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10 Facts About Baryonyx

Everything You Need to Know About the Famous Fish-Eating Dinosaur

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Baryonyx was the first fish-eating dinosaur ever identified (Luis Rey)

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Remarkably, Baryonyx had almost twice as many teeth as the much bigger Tyrannosaurus Rex (Sergey Krasovskiy)

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Baryonyx used its curved front claws to hold tight to wriggling fish (London Natural History Museum)

Baryonyx is a relatively recent addition to the dinosaur bestiary, and one that (despite its popularity) is still poorly understood. Here are 10 facts you may or may not have known about Baryonyx.

1. Baryonyx was discovered in 1983...

Considering how well-known it is, it's remarkable that Baryonyx was excavated only a few decades ago, well after the "golden age" of dinosaur discovery. This theropod's "type fossil" was discovered in England by the amateur fossil hunter William Walker; the first thing he noticed was a single claw, which pointed the way to a near-complete skeleton buried nearby.

2. ...and its name is Greek for "heavy claw."

Not surprisingly, Baryonyx (pronounced bah-RYE-oh-nicks) was named in reference to that prominent claw--which, however, had nothing to do with the prominent claws of another family of carnivorous dinosaurs, the raptors. Rather than a raptor, Baryonyx was a type of theropod closely related to Spinosaurus and Carcharodontosaurus (about which more below).

3. Baryonyx spent its day hunting for fish...

The snout of Baryonyx was unlike that of most theropod dinosaurs: long and narrow, with rows of studded teeth. This has led paleontologists to conclude that Baryonyx prowled the edges of lakes and rivers, plucking fish out of the water. (Want more proof? Fossilized remnants of the prehistoric fish Lepidotes have been found in Baryonyx's stomach!)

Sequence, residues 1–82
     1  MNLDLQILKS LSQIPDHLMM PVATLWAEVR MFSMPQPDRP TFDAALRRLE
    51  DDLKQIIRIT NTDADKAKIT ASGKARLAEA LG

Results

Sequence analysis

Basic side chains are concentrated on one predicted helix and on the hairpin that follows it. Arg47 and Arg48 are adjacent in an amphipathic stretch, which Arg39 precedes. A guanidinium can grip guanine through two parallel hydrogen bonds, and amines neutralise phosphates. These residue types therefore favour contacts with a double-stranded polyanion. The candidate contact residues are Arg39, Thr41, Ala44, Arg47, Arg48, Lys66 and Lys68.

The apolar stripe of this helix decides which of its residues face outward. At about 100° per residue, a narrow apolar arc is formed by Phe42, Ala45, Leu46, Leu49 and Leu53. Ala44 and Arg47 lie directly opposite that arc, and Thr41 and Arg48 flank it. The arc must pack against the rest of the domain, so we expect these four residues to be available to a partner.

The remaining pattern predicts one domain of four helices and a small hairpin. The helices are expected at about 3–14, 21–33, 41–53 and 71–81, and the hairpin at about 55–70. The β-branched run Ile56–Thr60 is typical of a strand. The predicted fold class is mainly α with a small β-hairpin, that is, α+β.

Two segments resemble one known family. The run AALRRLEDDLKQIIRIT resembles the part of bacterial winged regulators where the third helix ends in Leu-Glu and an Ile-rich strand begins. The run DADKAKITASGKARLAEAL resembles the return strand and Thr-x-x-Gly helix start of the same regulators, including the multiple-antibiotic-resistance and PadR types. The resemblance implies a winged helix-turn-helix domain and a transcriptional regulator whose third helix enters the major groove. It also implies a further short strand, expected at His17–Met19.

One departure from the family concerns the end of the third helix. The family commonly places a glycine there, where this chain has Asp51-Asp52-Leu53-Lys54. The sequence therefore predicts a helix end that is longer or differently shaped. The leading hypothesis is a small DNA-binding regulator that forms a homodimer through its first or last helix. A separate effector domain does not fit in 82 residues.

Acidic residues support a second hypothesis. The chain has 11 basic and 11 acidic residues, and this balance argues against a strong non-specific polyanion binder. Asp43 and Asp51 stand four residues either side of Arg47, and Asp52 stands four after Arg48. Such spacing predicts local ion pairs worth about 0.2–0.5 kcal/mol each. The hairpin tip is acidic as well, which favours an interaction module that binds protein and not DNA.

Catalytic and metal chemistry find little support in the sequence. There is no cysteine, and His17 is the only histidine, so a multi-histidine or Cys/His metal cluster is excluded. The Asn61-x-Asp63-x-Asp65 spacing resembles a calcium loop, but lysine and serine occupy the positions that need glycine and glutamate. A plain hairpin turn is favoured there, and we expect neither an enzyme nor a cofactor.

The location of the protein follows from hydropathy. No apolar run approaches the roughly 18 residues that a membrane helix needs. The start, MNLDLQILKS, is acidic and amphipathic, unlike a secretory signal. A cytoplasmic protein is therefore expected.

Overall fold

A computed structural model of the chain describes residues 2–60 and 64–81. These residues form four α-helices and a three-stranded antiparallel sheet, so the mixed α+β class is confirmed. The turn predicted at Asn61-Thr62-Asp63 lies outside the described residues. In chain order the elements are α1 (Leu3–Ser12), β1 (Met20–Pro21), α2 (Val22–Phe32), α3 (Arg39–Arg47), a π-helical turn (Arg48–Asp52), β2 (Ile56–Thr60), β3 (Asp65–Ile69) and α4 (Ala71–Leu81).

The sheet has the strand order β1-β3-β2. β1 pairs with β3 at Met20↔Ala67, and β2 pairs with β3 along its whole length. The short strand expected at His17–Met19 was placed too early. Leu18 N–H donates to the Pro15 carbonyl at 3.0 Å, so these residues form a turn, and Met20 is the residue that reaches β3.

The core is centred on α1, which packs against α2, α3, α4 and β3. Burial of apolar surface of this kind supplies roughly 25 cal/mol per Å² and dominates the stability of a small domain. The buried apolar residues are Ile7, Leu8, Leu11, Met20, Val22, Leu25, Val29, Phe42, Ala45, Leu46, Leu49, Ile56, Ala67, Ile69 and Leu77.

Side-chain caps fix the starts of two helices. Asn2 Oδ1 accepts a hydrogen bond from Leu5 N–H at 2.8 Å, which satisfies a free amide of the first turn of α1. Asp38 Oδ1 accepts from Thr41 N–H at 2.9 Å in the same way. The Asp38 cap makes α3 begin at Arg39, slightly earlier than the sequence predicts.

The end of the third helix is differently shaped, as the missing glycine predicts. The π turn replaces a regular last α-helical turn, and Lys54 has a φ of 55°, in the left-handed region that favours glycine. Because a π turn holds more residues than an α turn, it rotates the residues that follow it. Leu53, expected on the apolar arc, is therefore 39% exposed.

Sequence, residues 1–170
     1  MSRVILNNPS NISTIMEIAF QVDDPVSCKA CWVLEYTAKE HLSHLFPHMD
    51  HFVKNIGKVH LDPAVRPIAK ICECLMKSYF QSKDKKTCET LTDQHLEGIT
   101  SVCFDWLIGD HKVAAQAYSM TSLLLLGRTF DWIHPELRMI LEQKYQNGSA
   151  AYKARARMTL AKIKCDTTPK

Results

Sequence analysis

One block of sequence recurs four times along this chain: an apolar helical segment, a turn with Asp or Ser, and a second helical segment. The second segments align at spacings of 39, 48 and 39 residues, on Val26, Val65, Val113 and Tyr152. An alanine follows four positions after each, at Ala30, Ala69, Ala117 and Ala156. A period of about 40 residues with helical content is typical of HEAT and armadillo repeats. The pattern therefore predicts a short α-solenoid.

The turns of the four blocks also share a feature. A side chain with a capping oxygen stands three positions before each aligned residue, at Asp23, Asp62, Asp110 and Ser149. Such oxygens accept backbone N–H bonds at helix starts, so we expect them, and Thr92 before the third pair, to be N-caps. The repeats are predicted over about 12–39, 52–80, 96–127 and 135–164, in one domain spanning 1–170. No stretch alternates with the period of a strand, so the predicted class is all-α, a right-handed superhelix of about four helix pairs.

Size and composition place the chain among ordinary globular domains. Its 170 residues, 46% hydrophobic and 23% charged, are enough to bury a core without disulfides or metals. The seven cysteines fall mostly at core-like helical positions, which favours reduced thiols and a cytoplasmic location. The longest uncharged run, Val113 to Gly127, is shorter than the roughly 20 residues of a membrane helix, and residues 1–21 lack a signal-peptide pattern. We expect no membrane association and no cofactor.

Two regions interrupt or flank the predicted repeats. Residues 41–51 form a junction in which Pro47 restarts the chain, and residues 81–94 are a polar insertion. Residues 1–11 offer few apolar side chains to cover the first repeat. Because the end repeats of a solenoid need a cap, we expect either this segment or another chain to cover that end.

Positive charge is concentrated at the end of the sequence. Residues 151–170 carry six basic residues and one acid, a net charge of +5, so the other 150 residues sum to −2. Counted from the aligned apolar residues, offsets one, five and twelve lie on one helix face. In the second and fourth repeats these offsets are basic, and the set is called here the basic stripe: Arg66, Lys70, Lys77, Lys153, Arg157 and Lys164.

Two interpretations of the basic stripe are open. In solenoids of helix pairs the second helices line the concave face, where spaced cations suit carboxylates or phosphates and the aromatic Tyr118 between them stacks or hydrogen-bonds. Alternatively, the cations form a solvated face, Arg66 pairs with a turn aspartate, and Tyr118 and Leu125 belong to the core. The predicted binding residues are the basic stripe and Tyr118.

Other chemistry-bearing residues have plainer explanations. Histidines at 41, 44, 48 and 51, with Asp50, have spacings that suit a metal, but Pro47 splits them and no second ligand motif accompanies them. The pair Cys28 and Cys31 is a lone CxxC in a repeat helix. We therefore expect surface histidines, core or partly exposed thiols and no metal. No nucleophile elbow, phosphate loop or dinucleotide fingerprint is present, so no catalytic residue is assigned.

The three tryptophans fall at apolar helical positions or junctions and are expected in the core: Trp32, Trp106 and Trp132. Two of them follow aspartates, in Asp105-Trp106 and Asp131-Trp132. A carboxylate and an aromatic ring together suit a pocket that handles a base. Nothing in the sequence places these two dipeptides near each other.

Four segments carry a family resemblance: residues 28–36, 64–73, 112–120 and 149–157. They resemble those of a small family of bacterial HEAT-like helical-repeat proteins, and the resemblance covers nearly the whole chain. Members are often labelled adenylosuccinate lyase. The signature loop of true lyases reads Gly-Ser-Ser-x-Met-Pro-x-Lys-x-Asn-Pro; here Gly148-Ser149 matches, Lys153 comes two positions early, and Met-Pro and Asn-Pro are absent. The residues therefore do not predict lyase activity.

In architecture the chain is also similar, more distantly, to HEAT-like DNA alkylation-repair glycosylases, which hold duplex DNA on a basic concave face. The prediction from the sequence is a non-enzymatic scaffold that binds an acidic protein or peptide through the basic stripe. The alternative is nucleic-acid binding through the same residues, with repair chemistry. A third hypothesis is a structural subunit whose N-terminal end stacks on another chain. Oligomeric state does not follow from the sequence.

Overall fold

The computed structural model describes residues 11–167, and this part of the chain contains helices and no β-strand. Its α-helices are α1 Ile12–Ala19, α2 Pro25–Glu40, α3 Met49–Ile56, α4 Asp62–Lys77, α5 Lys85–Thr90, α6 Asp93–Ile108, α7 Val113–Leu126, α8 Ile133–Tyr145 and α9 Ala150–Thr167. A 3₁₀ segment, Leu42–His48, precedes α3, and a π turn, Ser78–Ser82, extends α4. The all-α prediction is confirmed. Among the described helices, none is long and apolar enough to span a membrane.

4. ...which it snagged with the oversized claws on its thumbs.

The piscivorous (fish-eating) diet of Baryonyx points to the function of the oversized claws this dinosaur was named after: rather than using these scary-looking appendages to disembowel herbivorous dinosaurs (like its raptor cousins), Baryonyx dipped its longer-than-usual arms in the water and speared passing, wriggling fish.

5. Baryonyx was a close relative of Spinosaurus.

As mentioned above, the western European Baryonyx was closely related to three African dinosaurs--Suchomimus, Carcharodontosaurus and the truly enormous Spinosaurus--as well as the South American Irritator. All of these theropods were distinguished by their narrow, crocodile-like snouts, though only Spinosaurus sported a sail along its backbone.

6. The remains of Baryonyx have been found all over Europe.

As so often happens in paleontology, the identification of Baryonyx in 1983 laid the groundwork for future fossil discoveries. Additional specimens of Baryonyx were later unearthed in Spain and Portugal, and this dinosaur's debut prompted the re-examination of a forgotten trove of fossils from England, yielding yet another specimen.

7. Baryonyx had almost twice as many teeth as T. Rex...

Granted, the teeth of Baryonyx weren't nearly as impressive as those of its fellow theropod, Tyrannosaurus Rex. As small as they were, though, Baryonyx's choppers were much more numerous, 64 relatively small teeth embedded in its lower jaw and 32 relatively bigger ones in its upper jaw (compared to about 60 total for T. Rex).

8. ...and its jaws were angled to keep prey from wriggling free.

As any fisherman will tell you, catching a trout is the easy part; keeping it from wriggling out of your hands is much harder. Like other fish-eating animals (including some birds and crocodiles), the jaws of Baryonyx were shaped so as to minimize the possibility that its hard-won meal could wriggle out of its mouth and flop back into the water.

9. Baryonyx lived during the early Cretaceous period.

Baryonyx and its "spinosaur" cousins shared one important characteristic: they all lived during the early to middle Cretaceous period, about 110 to 100 million years ago, rather than the late Cretaceous, like most other discovered theropod dinosaurs. It's anyone's guess as to why these long-snouted dinosaurs didn't survive up until the K/T Extinction event 65 million years ago.

10. Baryonyx may one day be renamed "Suchosaurus."

Remember the day when Brontosaurus was suddenly renamed Apatosaurus? That same fate may yet befall Baryonyx. It turns out that an obscure dinosaur named Suchosaurus ("crocodile lizard"), discovered in the middle 19th century, may actually have been a specimen of Baryonyx; if this is confirmed, the name Suchosaurus would take precedence in the dinosaur record books.

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